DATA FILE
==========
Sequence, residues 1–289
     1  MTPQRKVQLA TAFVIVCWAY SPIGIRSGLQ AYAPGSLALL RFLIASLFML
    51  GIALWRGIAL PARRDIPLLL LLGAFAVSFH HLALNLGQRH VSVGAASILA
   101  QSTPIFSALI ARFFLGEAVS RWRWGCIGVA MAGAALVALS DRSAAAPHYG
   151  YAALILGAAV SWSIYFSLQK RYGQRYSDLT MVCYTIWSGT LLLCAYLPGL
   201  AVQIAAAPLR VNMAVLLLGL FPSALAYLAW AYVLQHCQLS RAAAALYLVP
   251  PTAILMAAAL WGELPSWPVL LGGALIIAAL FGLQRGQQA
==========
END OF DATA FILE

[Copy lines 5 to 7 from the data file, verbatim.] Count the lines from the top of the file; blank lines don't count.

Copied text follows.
   151  YAALILGAAV SWSIYFSLQK RYGQRYSDLT MVCYTIWSGT LLLCAYLPGL
   201  AVQIAAAPLR VNMAVLLLGL FPSALAYLAW AYVLQHCQLS RAAAALYLVP
   251  PTAILMAAAL WGELPSWPVL LGGALIIAAL FGLQRGQQA